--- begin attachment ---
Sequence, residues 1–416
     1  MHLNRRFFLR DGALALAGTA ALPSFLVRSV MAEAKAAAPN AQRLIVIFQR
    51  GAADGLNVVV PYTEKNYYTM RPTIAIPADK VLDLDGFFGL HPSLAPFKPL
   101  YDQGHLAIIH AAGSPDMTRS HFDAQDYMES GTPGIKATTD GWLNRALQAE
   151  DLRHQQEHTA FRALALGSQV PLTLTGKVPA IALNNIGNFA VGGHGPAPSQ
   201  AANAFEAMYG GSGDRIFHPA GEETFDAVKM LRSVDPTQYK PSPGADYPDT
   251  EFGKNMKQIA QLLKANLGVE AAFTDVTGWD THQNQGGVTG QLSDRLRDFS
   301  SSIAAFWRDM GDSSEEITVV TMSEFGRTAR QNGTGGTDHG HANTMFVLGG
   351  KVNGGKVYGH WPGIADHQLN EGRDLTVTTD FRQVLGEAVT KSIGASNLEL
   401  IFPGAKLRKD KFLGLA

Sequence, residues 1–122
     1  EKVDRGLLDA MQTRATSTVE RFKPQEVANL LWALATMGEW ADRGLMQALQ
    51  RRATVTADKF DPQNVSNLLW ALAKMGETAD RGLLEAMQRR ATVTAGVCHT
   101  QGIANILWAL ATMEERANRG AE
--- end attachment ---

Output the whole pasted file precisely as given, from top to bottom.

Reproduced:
Sequence, residues 1–416
     1  MHLNRRFFLR DGALALAGTA ALPSFLVRSV MAEAKAAAPN AQRLIVIFQR
    51  GAADGLNVVV PYTEKNYYTM RPTIAIPADK VLDLDGFFGL HPSLAPFKPL
   101  YDQGHLAIIH AAGSPDMTRS HFDAQDYMES GTPGIKATTD GWLNRALQAE
   151  DLRHQQEHTA FRALALGSQV PLTLTGKVPA IALNNIGNFA VGGHGPAPSQ
   201  AANAFEAMYG GSGDRIFHPA GEETFDAVKM LRSVDPTQYK PSPGADYPDT
   251  EFGKNMKQIA QLLKANLGVE AAFTDVTGWD THQNQGGVTG QLSDRLRDFS
   301  SSIAAFWRDM GDSSEEITVV TMSEFGRTAR QNGTGGTDHG HANTMFVLGG
   351  KVNGGKVYGH WPGIADHQLN EGRDLTVTTD FRQVLGEAVT KSIGASNLEL
   401  IFPGAKLRKD KFLGLA

Sequence, residues 1–122
     1  EKVDRGLLDA MQTRATSTVE RFKPQEVANL LWALATMGEW ADRGLMQALQ
    51  RRATVTADKF DPQNVSNLLW ALAKMGETAD RGLLEAMQRR ATVTAGVCHT
   101  QGIANILWAL ATMEERANRG AE